An enticing historical fiction about the descendant of a serial killer

Emily Jacobs is trying to start her life anew. The only problem is… she is unsure what she is trying to start over from. Living on a small deserted island in Maine, she is taking things day by day, until her world is quickly turned upside down and she suddenly finds herself being pursued. So many people begin finding her and telling her to trust them, telling her that her name is not Emily, but Audra, telling her that she is the descendant of a serial killer, and telling her that she has abilities thanks to her ancestor. Confused and overwhelmed, Emily turned Audra finds herself having to face against a secret society that is set on killing her and all of the progeny of her ancestor. Time is ticking and she must discover who she truly is before it is too late to save them all.

Upon reading the first couple of chapters in The Progeny, a reader may assume, “Another story where a girl has lost her memory, is chased by people she doesn’t remember yet they remember her, and she holds the key to solving a huge conspiracy and saving everyone.” However, do not jump to conclusions, dear reader, for the first in Tosca Lee’s Descendants of the House of Bathory Series is far from being cliché and focuses on a historical aspect not normally touched upon.

Lee has a talent for telling an enticing story that moves at a quick pace and most certainly keeps readers guessing throughout its plot. Readers may assume one thing is happening, then be surprised a chapter or two later when something completely different happens. This is a wonderful talent that keeps readers turning pages. There are times when the writing style is too quick and needs a bit more detail because it may leave readers feeling confused as to what is currently happening in the story. However, this also ties into the story rather well, for the point of view is from Audra and it almost makes readers learn everything she has forgotten along with her.

What is most surprising and actually a breath of fresh air in The Progeny is the fact that she does not have a “remembering” moment. Readers are all too familiar that in stories where a character loses their memory, that character will regain it either about three quarters of the way through the book or at the very end. Lee takes readers through The Progeny and leaves them on the last page going, “Wait, she still doesn’t remember?” That is not a spoiler, but rather an excellent surprise to throw at readers, for what they are expecting, they do not receive. Bravo, Lee.

Lee has more fascinating elements that readers do not expect from a historical mystery suspense fiction. The first is the element of hope. This is a message many people seem to brush aside nowadays, but without hope, what else is there? Hope keeps people going during tough times and Audra most certainly needs hope to get through her tough time. But aside from needing hope of her own, she also IS hope. She is even told by one of the characters that she is hope to the Progeny to break the generational curse placed upon them (Lee 90). Another element is the fact that Lee throws a small dose of magic into her story. Not necessarily witches, dragons, boiling cauldrons, any of that, but rather an ability passed down from her ancestor. Almost like a mini-superpower, but almost more realistic sounding. Let’s call it the power of persuasion where Progeny are able to persuade people to do what they want them to do. And one of the final more interesting, yet also somewhat vague elements of the book is the procedure Audra endures. Her surgery makes her forget a certain part of her life completely. How is this possible? Granted, an author does not have to delve too deep into stuff like this and it is a good concept, it just leaves the readers a bit stumped and wanting to know how this kind of surgery could work.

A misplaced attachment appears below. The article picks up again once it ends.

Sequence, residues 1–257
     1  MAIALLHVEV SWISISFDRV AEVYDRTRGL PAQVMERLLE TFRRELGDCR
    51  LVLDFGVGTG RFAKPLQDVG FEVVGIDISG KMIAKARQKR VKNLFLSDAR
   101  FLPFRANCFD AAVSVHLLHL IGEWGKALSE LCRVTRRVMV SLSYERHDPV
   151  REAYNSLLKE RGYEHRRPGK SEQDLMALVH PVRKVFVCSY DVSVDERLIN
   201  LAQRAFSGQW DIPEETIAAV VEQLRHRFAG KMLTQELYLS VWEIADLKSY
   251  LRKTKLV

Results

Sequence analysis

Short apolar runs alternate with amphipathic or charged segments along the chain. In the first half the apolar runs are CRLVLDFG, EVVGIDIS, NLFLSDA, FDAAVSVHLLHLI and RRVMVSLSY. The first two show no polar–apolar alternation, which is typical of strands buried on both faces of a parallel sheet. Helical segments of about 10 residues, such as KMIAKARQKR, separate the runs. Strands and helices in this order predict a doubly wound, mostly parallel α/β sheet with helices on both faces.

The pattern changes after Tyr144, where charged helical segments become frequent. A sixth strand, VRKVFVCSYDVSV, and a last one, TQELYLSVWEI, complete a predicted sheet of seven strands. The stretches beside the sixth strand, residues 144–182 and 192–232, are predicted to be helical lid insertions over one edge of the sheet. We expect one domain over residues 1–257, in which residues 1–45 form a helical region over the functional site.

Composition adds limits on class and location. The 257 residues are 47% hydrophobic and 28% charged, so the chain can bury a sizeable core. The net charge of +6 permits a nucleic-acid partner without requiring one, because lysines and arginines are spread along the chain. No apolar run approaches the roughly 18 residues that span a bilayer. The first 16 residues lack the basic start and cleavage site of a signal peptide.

Now it is time to focus on that aforementioned historical aspect. Audra is the descendant of an infamous serial killer, but rather than being a descendant of an iconic killer such as Jack the Ripper or Adolph Hitler, Lee thought out of the box and chose a killer that is not as well-known as others and who has not been written about as often: Elizabeth Bathory. Elizabeth, or “the Blood Countess,” was known for torturing and killing well over 600 girls in the early 1600s. A rather grim ancestor for the heroine in The Progeny to be related to. However, it seems a lot of mystery surrounds this killer and Lee has put her own modern and slightly fantastical twist to solve it.

The Progeny proves to be an all-around fast paced and enticing read for fans of historical fiction and/or mystery and suspense. Lee has many fascinating elements that really give depth to her story and her main character while also avoiding the cliché route of characters losing their memories. The historical figure is one not normally touched upon which gives readers an inside look into someone completely new from the past. Readers only learn as much about “the Blood Countess” as Audra does throughout the book, but the next book Firstborn holds even more historical information about her. Not to mention the unforeseeable twist at the end will most definitely make readers want to read Firstborn as soon as possible.

 

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